Aju, Anarkali, Gokul Suresh in Gaganachari
Aju, Anarkali, Gokul Suresh in Gaganachari

Gaganachari review: This dystopian comedy is a goldmine of Malayalam pop-culture gems

Be it the meta-humour of Gokul Suresh mouthing his father Suresh Gopi’s famous dialogues or calling director Vinayan’s much trolled War and Love (2003) a cult classic, there is a whole goldmine of comic gems in ‘Gaganachari’, especially for the 80s and 90s kids.
Gaganachari (Malayalam)(3.5 / 5)

From the many iterations of the aliens – the most widely explored entities in science fiction films on-screen – one would imagine them to speak in robotic monotones or menacing growls. But what if they reprimand you in veteran actor Mallika Sukumaran’s voice, her signature wit intact, while sitting on your dining table and gulping down cat food? Set in the semi-submerged, post-apocalyptic Kerala of the 2040s, where alien megastructures loom above paddy fields and monsoons dredge up the trauma of a lost world, Gaganachari’s biggest strength is its ability to find humour even amidst the loneliness of surviving the end of the world.

Director Arun Chandu’s dystopian mockumentary, co-written by Arun and Siva Sai, is a Kerala-style comedic genre-bender that makes the future seem funny, frightening, and full of surprises. 

In 2043, Kerala has already seen a ‘beef war’, leading to the government manufacturing ‘geef’, a lab-made combination of lamb and dog. Petrol is banned, and electric vehicles fitted with government-owned GPS devices to track down residents are in use. All elements of a surveillance state – police excess, moral policing, preferential treatment of dominant castes, food rationing, and curfew on public spaces– exist and are exacerbated by the presence of alien invaders. 

The film follows three male protagonists – Allen (Gokul Suresh), Vaibhav (Aju Varghese), and Victor (KB Ganesh Kumar) – all crammed up in Victor’s bunker on an isolated island in Kerala. They are accompanied by Raghavan, a Malayali meme template version of Alexa, who puts them in their place when he has to. Known as ‘alien hunter’, Victor was a former military personnel who survived alien attacks, and when the film begins, he recalls his unusual encounter with an extraterrestrial fugitive who once landed up in his living room. 

The most striking aspect of Gaganachari is its world-building. While post-apocalyptic terrains in cinema are largely dominated by a Western imagination, Arun Chandu conjures up a native landscape where the overgrown trees, serene backwaters, drowned stadiums, and abandoned paddy fields invoke an unsettling sense of danger that feels relatable and not too far-fetched for Malayalis. Surjith S Pai’s cinematography, along with Sankar Sharma’s music and Ceejay Achu’s edits (co-edited by Aravind Manmadhan) hold Gaganachari’s world together, sparking intrigue till the end. The special effects are neatly done, a remarkable achievement at a time when even mammoth star-vehicle films are weighed down by painfully amateur computer-generated images (CGI).

But what takes the cake is the film’s off-beat, absurdist jokes. Be it the meta-humour of Gokul Suresh mouthing his father Suresh Gopi’s famous dialogues (from ‘Shall I remind you something’ in Commissioner to how Dennis the orphan is given blood by Ravishankar in Summer in Bethlehem), or calling director Vinayan’s much trolled War and Love (2003) a cult classic, there is a whole goldmine of comic gems in the film, especially for the 80s and 90s kids. A ‘renewed’ poster of the Malayalam horror classic Veendum Lisa (1987) hangs on the wall in one scene, and what makes it funny as memers say, is “for legends to decode”.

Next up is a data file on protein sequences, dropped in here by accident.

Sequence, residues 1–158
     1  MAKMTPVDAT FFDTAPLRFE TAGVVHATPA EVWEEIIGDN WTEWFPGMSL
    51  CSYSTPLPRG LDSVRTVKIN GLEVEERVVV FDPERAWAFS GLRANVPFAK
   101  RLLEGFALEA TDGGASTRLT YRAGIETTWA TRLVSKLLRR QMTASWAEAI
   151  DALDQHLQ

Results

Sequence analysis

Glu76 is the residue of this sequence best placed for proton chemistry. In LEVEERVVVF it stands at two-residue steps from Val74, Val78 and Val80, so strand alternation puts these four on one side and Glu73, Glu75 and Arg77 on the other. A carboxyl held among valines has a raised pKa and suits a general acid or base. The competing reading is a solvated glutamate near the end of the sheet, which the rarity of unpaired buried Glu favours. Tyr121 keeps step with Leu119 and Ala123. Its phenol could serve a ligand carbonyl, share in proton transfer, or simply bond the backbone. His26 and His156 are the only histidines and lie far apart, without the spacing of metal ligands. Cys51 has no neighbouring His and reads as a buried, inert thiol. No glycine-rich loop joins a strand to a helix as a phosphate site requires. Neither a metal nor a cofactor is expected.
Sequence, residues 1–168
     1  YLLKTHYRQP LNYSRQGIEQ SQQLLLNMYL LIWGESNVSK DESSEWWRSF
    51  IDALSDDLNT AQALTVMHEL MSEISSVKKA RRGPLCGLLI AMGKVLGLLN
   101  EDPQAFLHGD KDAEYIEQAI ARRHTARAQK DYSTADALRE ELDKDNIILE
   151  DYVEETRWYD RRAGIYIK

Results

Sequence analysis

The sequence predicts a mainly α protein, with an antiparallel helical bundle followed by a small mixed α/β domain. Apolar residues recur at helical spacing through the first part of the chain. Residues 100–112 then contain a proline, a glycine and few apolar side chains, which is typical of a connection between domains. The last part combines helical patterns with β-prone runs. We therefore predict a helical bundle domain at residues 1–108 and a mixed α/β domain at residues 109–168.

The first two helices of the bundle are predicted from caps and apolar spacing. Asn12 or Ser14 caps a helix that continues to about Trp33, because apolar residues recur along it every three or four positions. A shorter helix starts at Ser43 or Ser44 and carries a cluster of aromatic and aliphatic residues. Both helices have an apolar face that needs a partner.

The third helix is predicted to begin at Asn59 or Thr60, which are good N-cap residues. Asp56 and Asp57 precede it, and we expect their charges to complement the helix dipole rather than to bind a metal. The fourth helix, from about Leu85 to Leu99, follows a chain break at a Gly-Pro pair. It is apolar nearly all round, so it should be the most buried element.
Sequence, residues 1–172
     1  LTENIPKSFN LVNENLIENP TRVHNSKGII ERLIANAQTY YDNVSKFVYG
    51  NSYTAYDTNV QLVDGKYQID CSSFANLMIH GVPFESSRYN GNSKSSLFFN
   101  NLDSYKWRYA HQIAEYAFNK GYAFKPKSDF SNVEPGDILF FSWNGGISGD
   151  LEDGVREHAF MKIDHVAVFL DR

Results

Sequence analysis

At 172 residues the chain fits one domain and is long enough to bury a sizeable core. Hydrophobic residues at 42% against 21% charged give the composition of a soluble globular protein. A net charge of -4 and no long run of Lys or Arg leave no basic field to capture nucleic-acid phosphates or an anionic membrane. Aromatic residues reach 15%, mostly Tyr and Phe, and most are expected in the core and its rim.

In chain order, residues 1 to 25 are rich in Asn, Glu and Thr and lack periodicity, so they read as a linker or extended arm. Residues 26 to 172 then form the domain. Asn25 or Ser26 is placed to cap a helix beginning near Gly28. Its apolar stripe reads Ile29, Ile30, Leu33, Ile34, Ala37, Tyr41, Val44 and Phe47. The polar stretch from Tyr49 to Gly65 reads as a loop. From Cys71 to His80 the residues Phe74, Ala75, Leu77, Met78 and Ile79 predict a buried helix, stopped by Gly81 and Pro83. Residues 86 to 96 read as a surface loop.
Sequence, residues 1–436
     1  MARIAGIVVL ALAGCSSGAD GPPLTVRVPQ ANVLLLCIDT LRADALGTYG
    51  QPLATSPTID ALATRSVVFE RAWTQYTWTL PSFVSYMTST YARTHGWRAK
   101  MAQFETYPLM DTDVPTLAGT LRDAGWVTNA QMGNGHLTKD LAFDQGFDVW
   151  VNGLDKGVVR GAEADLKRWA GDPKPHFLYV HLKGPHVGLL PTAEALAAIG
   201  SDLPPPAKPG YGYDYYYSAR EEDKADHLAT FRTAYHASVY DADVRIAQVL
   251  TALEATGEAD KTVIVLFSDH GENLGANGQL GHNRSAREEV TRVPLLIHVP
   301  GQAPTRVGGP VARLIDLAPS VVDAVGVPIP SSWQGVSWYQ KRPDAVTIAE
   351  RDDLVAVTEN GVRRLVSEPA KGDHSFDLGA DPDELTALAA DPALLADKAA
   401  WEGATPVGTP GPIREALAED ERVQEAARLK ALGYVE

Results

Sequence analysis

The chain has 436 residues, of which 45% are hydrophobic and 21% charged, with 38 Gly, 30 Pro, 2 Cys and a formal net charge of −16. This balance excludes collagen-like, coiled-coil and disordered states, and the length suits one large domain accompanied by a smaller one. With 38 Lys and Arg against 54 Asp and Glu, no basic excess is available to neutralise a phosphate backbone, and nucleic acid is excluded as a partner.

AI (artificial intelligence) Raghavan, the all-perceiving witness to this madness, adds to the humour, sometimes reminding us how terrifying technology can be when it constantly records everything, denying the simple solace of forgetting and lying to avoid confrontations. 

The real fear factor in the film though, comes more from the dangers of the rising sea levels than an alien invasion. The aliens, in fact, are presented very differently from most films of the genre where they are villainous colonisers. But this is also what becomes the undoing of the plot, especially as it progresses towards the climax. The seemingly right-wing outfit Ajayya Sena, which operates as a parallel surveillance system, is too generic and underexplored.

Ganesh Kumar is a hoot as alien hunter Victor and Gokul Suresh’s on-screen vulnerability is absolutely endearing. Aju Varghese too holds his ground with some laugh-out-loud comebacks. Anarkali Marikar (I badly want this film to be called ‘Anarkali disco chali!’) is wonderfully mysterious and handles action sequences with commendable control. Mallika Sukumaran’s voice, especially when she trolls the male ego in her worldly-wise tone, is the icing on the cake.

The only downer is that Gaganachari’s restrictive use of extraterrestrial contact as a plot device for political commentary limits the imaginative possibilities of the genre. Lovers of sci-fi films may find this a tad predictable, though the pay-off really is not the plot here, but how well the idea has been executed. 

And cat lovers, watch out for a delightful surprise in the end!

Disclaimer: This review was not paid for or commissioned by anyone associated with the film. Neither TNM nor any of its reviewers have any sort of business relationship with the film’s producers or any other members of its cast and crew.

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